• sensorimotor integration;
  • peripheral feedback;
  • Parkinson's disease;
  • Huntington's disease;
  • dystonia;
  • tics;
  • review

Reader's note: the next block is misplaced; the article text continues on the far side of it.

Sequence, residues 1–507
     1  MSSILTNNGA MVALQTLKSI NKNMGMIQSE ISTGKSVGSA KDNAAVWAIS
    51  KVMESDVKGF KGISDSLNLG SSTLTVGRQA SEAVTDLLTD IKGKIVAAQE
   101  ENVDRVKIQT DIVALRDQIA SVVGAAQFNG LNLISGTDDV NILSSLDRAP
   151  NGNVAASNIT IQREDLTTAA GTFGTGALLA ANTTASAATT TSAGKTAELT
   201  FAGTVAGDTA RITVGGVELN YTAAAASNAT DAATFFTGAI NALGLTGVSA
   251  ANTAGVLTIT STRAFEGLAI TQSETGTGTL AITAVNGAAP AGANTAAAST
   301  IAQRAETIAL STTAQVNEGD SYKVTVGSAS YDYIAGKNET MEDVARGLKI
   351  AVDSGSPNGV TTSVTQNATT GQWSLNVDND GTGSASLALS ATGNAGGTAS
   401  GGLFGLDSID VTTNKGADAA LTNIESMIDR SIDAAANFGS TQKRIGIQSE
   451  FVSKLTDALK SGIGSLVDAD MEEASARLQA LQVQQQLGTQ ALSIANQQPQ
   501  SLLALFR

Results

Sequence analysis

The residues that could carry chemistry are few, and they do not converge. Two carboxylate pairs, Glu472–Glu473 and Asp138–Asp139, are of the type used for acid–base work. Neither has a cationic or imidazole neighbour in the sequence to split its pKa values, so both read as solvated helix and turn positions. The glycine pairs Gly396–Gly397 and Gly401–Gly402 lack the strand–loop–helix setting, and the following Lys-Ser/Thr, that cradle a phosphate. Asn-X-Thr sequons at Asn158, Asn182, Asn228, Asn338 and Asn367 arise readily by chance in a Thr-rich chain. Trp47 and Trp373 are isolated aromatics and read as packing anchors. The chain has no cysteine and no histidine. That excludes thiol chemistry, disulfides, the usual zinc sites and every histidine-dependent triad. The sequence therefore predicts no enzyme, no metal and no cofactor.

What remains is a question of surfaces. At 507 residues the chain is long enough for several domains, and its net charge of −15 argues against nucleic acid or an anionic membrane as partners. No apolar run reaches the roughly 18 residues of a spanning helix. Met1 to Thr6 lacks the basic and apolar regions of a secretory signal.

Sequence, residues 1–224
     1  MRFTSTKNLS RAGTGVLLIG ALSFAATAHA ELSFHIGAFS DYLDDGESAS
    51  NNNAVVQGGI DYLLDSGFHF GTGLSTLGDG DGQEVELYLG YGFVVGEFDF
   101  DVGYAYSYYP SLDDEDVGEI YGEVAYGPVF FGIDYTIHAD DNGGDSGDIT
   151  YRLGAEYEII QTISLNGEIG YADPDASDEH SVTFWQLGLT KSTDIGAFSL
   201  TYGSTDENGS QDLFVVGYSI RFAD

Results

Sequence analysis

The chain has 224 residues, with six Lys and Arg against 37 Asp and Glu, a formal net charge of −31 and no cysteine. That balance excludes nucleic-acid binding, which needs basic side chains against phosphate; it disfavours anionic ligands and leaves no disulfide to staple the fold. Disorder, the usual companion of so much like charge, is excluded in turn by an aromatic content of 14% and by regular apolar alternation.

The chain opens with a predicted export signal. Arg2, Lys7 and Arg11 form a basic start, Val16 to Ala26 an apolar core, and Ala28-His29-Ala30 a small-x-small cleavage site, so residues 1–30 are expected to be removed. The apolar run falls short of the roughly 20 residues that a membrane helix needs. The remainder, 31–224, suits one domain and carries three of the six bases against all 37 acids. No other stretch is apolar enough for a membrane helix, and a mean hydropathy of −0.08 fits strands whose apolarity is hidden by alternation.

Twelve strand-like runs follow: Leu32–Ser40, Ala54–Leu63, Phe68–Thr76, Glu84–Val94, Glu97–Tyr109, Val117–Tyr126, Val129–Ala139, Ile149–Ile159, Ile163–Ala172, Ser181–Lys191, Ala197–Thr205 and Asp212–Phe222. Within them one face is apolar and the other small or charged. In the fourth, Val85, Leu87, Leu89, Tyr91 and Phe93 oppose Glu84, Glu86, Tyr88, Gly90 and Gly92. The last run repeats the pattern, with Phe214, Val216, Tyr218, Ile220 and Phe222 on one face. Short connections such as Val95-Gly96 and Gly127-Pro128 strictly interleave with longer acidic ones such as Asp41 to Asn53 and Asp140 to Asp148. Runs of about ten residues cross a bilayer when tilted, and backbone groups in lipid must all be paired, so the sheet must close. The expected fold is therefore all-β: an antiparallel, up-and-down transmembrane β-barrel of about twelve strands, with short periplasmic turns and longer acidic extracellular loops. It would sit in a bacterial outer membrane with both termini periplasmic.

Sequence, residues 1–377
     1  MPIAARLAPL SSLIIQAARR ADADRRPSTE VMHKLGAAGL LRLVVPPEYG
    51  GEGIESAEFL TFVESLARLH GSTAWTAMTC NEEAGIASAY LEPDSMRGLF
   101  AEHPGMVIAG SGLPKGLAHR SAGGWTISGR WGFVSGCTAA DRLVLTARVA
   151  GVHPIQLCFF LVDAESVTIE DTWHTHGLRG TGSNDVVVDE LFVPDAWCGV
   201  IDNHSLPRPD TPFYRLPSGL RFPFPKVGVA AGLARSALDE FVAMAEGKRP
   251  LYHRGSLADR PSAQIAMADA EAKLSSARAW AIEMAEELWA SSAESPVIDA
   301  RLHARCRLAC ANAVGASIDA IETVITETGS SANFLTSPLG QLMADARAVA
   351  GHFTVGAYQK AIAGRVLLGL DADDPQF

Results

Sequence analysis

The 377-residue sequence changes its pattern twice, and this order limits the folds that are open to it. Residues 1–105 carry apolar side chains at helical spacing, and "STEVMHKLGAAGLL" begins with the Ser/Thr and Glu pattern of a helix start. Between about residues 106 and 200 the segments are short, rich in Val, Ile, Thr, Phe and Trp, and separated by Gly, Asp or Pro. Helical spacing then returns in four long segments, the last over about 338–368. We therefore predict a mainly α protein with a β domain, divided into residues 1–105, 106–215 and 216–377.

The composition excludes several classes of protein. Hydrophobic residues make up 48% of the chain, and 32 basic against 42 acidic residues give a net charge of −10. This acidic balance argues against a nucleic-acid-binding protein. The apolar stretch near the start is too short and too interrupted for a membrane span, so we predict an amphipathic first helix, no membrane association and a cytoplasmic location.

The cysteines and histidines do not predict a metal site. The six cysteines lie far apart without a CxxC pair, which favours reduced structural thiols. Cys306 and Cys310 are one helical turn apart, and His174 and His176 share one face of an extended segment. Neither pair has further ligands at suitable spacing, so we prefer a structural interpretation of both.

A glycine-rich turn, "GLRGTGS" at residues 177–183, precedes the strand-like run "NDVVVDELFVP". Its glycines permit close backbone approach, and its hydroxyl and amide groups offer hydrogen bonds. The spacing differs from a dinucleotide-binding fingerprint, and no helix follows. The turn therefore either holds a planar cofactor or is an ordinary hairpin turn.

Although current knowledge attributes movement disorders to a dysfunction of the basal ganglia–motor cortex circuits, abnormalities in the peripheral afferent inputs or in their central processing may interfere with motor program execution. We review the abnormalities of sensorimotor integration described in the various types of movement disorders. Several observations, including those of parkinsonian patients' excessive reliance on ongoing visual information during movement tasks, suggest that proprioception is defective in Parkinson's disease (PD). The disturbance of proprioceptive regulation, possibly related to the occurrence of abnormal muscle-stretch reflexes, might be important for generating hypometric or bradykinetic movements. Studies with somatosensory evoked potentials (SEPs), prepulse inhibition, and event-related potentials support the hypothesis of central abnormalities of sensorimotor integration in PD. In Huntington's disease (HD), changes in SEPs and long-latency stretch reflexes suggest that a defective gating of peripheral afferent input to the brain might impair sensorimotor integration in cortical motor areas, thus interfering with the processing of motor programs. Defective motor programming might contribute to some features of motor impairment in HD. Sensory symptoms are frequent in focal dystonia and sensory manipulation can modify the dystonic movements. In addition, specific sensory functions (kinaesthesia, spatial–temporal discrimination) can be impaired in patients with focal hand dystonia, thus leading to a “sensory overflow.” Sensory input may be abnormal and trigger focal dystonia, or defective “gating” may cause an input–output mismatch in specific motor programs. Altogether, several observations strongly support the idea that sensorimotor integration is impaired in focal dystonia. Although elemental sensation is normal in patients with tics, tics can be associated with sensory phenomena. Some neurophysiological studies suggest that an altered “gating” mechanism also underlies the development of tics. This review underlines the importance of abnormal sensorimotor integration in the pathophysiology of movement disorders. Although the physiological mechanism remains unclear, the defect is of special clinical relevance in determining the development of focal dystonia.